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Despite Majority Opposition, GMO Corn Gets Green Light in Europe

Food

Corporations, backed by influential lobbyists and western governments, dealt major blows this month against activists who are fighting to limit the cultivation of genetically modified organisms (GMOs).

The European Commission gave DuPont Pioneer the green light to freely grow insecticidal corn, also known as TC1507.
Photo courtesy of Shutterstock

On Feb. 11, the European Commission gave DuPont Pioneer the green light to freely grow insecticidal corn, also known as TC1507. Nineteen of the European Union's 28 states voted against the cultivation and openly criticized the commission, which, in 2005, concluded the corn was safe to import and consume in Europe, reports Food Freedom News.

“The European Parliament, the majority of member states and 80% of citizens do not want GMOs in Europe,” said French activist and politician Jose Bove in a statement. Bove continued saying it was “inconceivable” and “political” of the commission to approve the corn.

In response, French politicians are continuing their fight with new legislation that would ban genetically modified corn within the country.

U.S. sees similar trend

Monsanto, the world's largest seed company, had similar success when it spent $9 million to promote the passage of the Food Safety Modernization Act, which was signed into law in by President Obama in 2011.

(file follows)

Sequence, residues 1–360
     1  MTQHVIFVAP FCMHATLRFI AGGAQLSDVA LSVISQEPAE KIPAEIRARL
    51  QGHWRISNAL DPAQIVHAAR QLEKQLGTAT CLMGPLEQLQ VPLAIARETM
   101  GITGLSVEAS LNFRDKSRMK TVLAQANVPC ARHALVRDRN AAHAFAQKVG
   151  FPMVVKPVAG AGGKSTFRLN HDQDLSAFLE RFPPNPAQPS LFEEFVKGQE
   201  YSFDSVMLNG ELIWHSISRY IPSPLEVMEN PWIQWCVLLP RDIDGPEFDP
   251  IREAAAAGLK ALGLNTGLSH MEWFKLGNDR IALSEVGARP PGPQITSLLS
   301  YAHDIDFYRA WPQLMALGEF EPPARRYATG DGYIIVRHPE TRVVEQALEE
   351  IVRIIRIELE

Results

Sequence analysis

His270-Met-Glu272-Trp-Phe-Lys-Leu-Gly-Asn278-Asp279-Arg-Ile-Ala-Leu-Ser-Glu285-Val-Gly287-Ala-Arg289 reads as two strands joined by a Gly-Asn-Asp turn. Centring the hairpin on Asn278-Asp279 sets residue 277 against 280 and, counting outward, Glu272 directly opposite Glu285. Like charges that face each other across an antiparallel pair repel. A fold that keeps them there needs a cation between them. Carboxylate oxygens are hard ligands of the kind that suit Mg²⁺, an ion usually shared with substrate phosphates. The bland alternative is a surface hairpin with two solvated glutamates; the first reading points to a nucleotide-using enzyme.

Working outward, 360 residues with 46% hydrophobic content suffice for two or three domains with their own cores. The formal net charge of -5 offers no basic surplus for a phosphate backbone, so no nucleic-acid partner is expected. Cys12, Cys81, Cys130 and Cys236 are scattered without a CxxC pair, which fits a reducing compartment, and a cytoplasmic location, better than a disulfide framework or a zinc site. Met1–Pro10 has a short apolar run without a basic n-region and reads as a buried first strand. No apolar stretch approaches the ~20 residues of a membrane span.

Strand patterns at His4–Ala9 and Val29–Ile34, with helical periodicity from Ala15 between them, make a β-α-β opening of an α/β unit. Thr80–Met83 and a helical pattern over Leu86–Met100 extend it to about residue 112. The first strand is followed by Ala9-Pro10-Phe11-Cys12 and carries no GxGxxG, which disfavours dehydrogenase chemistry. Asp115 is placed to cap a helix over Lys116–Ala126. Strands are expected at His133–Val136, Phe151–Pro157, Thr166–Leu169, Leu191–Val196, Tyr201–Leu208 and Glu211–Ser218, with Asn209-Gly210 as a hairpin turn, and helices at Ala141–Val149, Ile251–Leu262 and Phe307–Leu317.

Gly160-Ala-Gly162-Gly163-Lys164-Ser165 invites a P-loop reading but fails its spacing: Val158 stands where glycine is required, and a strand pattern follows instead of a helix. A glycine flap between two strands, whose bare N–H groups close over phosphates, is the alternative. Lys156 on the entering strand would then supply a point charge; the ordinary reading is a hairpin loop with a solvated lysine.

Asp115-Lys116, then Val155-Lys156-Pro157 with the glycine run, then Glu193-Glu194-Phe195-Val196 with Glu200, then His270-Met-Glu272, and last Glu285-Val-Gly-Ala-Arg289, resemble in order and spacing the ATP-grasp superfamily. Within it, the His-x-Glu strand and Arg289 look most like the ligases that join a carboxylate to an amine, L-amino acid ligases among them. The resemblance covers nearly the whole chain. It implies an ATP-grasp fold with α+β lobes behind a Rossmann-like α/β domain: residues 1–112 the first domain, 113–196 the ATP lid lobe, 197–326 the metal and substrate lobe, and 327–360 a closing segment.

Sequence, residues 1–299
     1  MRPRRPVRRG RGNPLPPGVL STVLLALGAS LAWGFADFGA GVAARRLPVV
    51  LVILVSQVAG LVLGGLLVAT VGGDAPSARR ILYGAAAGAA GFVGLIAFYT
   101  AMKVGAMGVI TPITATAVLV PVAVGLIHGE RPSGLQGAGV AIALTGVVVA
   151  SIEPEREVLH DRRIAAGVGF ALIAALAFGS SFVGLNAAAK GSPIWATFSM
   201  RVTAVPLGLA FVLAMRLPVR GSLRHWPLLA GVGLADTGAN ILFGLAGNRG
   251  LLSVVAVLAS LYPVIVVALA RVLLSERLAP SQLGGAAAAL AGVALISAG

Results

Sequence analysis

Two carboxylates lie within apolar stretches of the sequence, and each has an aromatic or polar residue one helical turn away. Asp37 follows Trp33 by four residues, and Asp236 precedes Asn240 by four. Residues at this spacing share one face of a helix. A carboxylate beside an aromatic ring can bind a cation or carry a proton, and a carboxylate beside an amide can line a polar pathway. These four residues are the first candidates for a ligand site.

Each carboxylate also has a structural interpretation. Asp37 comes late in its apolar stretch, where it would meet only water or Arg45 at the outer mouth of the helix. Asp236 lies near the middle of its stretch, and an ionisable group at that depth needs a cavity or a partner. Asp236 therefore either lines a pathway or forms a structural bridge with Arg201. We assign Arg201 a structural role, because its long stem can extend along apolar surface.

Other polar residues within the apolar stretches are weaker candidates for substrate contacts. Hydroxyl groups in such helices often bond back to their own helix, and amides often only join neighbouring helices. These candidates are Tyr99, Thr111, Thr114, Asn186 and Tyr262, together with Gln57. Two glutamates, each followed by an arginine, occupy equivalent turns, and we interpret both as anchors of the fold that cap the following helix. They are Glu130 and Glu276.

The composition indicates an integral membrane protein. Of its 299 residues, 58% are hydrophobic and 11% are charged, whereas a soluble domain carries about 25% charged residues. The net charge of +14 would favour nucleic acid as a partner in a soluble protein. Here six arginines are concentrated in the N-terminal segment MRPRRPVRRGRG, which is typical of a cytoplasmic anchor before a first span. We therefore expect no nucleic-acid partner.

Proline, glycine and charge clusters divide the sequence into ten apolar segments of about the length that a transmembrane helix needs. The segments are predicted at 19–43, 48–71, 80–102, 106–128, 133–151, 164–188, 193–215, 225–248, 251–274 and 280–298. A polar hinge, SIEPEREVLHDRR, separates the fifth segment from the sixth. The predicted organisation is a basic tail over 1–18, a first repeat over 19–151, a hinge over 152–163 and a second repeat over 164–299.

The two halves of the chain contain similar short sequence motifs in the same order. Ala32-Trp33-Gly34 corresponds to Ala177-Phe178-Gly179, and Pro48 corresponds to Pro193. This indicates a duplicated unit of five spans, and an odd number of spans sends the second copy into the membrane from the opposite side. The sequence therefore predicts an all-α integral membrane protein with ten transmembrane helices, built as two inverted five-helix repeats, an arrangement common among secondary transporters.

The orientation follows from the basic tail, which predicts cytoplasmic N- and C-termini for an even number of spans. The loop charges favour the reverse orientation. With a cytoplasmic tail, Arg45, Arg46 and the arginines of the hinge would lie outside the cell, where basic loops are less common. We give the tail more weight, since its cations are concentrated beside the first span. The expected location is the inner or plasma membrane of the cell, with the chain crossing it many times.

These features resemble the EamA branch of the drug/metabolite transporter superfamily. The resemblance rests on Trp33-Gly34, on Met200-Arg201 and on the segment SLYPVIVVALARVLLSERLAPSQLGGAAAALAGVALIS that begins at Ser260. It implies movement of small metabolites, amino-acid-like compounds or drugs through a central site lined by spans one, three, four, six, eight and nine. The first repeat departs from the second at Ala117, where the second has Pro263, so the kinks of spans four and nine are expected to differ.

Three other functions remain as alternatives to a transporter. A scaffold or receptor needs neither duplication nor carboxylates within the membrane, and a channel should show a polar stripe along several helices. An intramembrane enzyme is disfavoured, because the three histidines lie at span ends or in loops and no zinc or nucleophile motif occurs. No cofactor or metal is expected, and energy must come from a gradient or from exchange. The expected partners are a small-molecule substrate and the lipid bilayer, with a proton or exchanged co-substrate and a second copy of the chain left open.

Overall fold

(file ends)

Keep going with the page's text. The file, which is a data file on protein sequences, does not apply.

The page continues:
The law doesn't address the food safety risks of pesticide residue or genetically modified crops, but it does tighten water quality levels for smaller farms that typically don't grow GMO food, according to Food Freedom News.

“The 1,200 page act was designed to put small family farms out of business,” said Michael Tabor in a recent Farm-to-Consumer interview. “Most farmers irrigate their fields from nearby streams. Now those streams have to be tested on a weekly basis.”At $87.50 per test, the cost of doing business has now increased by as much as $5,000. 

Chemical farms growing biotech crops follow more lenient pollution regulations, added Tabor.

In a recent standoff, protestors, with signs in hand, converged at the Monsanto headquarters in suburban St. Louis, MO during the company’s annual investors meeting in support of two shareholder resolutions that questioned the level of contamination passed onto non-GMO crops and requested the seed giant end its fight against mandatory labels on foods containing GMO ingredients, reports Reuters.

The resolutions failed by considerable margins and 11 protestors were arrested after attempting to disrupt traffic near the Monsanto gates.

Visit EcoWatch’s FOOD and GMO pages for more related news on this topic.

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